Chicago has an extensive alleyway network, populated with distinctively utilitarian wooden fire escapes bolted onto the backs of low- and mid-rise buildings. Though to call them fire escapes is almost a misnomer; they usually have a substantial landing at each floor, so they serve as a kind of de facto porch – a place to store things, hang out with a few friends, grill up some steaks, and greet the neighbors down in the alley below. These are anything but fancy, and yet hanging out on them is a staple activity of life in the city. Many buildings look bare without them.
Only a small percentage of architecture is actually designed by architects. And while a famous architect-designed tower in a skyline might be the best way to identify a city at a distance, up close it’s the subtle cues and vernacular design that make the city what it is.
This week, 99pi producers and friends of the show share more stories about vernacular architecture we love from our hometowns and other places we’ve lived, but with an emphasis on examples that may be a bit shaggier, and have somewhat more functional origins. These may not be the first things people call beautiful, but they’re beautiful to us, and they are essential parts of the places they’re built.
Witch Windows by Emmett FitzGerald
Farmhouses in Vermont don’t have a single consistent look, but there is one bizarre feature that you’ll find on lots of them: windows that have been turned 45 degrees. And these crooked windows are found almost entirely in Vermont. They go by a couple of names but are probably most commonly referred to as witch windows.
Legend has it the windows were tilted on a diagonal in order to prevent witches from flying into the house on their broomsticks. A sort of architectural defense strategy. Sometimes, they are called coffin windows — one theory being that they would allow coffins to be carried into and out of upper floors without using narrow stairs.
Settings these more macabre theories aside, there is a much simpler, more function reason for these crooked windows to exist. They were a simple, cheap solution for how to get a window into a space where one doesn’t naturally fit. You could build a dormer, but that’s expensive. And so at some point, some clever carpenter in Vermont had the idea to just salvage a regular window and turn it on an angle. Others followed suit, and soon, a regional tradition was born.
Grain Silos by Katie Thornton
In the 1800s, this burgeoning city of Minneapolis was built on the Mississippi River, eventually using the power of the location’s large natural waterfall to power flour mills where they ground up wheat grown in the region. Milling became the city’s biggest industry really quickly, the silos made to store grain became a feature of the built environment — not along the outskirts as one sees in many places, but right in the heart of Minneapolis itself.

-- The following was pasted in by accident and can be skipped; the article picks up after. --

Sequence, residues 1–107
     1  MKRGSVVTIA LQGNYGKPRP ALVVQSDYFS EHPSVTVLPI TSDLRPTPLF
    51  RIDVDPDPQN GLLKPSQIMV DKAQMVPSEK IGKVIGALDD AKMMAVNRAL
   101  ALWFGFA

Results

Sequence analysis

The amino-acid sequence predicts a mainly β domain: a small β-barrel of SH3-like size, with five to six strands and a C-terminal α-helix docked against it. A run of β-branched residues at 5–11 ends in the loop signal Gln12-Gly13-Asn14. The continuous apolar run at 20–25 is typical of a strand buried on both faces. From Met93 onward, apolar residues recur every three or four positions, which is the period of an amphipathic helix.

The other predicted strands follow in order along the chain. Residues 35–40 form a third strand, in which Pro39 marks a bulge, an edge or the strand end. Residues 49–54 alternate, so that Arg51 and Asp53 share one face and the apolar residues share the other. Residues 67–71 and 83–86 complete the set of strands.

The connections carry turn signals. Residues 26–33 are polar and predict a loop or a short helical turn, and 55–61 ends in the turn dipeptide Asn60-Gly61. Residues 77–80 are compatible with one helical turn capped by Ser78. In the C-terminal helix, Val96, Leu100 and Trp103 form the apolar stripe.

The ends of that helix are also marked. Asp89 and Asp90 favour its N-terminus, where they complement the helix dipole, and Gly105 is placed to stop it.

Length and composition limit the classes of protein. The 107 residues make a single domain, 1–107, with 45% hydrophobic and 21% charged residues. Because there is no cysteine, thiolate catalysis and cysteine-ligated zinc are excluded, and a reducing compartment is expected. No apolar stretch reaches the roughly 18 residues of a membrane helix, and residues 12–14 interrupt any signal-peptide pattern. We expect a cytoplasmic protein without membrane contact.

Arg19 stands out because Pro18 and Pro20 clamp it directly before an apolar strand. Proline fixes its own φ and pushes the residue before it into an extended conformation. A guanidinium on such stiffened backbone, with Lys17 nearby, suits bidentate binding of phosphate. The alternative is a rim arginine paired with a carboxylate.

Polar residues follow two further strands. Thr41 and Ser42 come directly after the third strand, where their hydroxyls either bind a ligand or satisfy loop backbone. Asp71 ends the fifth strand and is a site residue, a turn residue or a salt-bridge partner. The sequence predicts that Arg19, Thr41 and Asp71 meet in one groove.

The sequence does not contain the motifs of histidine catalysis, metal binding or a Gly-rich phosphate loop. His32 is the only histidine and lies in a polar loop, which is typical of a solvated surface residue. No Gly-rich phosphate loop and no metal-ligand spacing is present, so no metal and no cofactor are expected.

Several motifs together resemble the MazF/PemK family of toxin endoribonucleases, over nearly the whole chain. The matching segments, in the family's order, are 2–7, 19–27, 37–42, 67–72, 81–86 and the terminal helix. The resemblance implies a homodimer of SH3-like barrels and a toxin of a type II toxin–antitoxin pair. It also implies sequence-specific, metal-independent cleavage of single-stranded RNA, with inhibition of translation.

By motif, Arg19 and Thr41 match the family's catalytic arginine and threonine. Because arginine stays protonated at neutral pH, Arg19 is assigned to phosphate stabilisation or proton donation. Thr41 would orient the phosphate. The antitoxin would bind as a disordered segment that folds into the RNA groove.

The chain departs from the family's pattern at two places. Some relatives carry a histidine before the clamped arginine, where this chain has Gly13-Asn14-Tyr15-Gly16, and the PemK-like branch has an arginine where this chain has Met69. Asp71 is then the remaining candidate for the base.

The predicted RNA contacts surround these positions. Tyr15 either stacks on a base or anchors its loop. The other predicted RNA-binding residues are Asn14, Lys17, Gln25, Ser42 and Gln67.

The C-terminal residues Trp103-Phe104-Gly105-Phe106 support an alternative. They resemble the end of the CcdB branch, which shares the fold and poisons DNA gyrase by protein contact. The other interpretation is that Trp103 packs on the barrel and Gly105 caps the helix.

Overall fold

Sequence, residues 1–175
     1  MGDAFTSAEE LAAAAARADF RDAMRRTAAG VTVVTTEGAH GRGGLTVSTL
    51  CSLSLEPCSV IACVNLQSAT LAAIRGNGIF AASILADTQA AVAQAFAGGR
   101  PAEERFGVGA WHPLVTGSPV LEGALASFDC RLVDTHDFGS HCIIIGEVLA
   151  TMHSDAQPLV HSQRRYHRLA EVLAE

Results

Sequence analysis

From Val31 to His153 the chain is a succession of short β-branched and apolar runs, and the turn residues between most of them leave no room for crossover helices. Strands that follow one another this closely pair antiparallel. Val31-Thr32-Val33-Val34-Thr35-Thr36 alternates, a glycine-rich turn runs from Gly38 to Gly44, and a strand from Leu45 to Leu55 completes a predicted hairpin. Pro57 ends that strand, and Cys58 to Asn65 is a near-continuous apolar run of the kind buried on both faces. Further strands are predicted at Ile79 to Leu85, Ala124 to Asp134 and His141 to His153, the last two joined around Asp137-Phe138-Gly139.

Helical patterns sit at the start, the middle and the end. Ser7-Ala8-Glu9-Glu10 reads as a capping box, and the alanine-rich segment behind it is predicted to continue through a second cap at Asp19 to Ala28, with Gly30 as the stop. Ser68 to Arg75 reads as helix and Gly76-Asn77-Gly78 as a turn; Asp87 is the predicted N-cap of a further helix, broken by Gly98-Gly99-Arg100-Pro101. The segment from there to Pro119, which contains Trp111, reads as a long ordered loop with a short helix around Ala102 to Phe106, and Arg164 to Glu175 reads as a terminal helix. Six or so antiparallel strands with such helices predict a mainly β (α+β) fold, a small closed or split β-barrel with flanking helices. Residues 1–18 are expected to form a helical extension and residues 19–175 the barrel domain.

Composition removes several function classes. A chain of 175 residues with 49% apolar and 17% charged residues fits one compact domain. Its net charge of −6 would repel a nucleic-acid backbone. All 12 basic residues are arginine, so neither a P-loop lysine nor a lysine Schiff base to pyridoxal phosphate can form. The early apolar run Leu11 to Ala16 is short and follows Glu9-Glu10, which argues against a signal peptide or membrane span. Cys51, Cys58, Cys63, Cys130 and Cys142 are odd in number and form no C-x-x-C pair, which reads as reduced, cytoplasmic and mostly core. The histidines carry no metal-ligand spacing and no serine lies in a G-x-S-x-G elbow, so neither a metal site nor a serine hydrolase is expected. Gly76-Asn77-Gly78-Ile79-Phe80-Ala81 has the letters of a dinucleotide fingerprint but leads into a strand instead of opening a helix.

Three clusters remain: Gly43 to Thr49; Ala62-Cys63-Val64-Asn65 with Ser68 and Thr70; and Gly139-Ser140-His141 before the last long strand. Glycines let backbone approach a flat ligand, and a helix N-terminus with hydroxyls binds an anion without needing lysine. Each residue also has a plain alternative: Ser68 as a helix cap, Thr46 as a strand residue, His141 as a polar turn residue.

Originally, grain storage structures were made of wood and built with right angles, but there were a few problems with this approach. Air pockets would form in the inside corners, for instance, contributing to rot, and of course: wood has a tendency to catch fire.
Local grain merchant Frank Pevy hired contractor named Charles Haglund to try something different, using concrete and cylindrical shapes to address the major problems of a typical silo.
The solution seems obvious now, but at the time, there were a lot of hecklers who were sure these novelties collapse when filled with grain. Instead, many of these silos are still standing a century later. For locals, they blend into the landscape, but for visitors: they offer insights into the industry that built and grew the city of Minneapolis.
Lanais by Jayson De Leon
Somewhere between a patio, veranda, and multi-season porch, lanais are staples of Florida’s residential architecture. They offer interstitial space somewhere between the indoors and outdoors, where one can experience nature, but still keep the worst elements at bay. They are functional through and through, made with minimal structure and some mesh screens, just enough to keep out bugs and other critters. But while popular today in Florida, they aren’t native to this state.
Lanais can be traced back to one of Hawaii’s most renowned architects – Vladimir Ossipoff, who adapted the traditional Japanese engawa, a kind of semi-open hallway structure with a long history. Ossipoff designed hundreds of luxury homes in Hawaii. In almost all of them, the lanai was the crown jewel of the house – his canvas to showcase a new style of tropical modernism. Many of these were barely enclosed, with just a bit of cantilevered roof jutting out overhead.
Ossipoff made his imprint on Hawaiian architecture throughout the 1950s and 60s. During that time, Hawaii itself was changing, too — from an American territory with an economy based on agriculture to a state with a booming tourism industry. And lanais became associated with the life of leisure in this beautiful island state. In Florida, some lanais still strive to match a vision of high-end vacations, but many are made to simply serve their most vital purpose: allowing families to hang out close enough to nature to enjoy it, but not too close for comfort.
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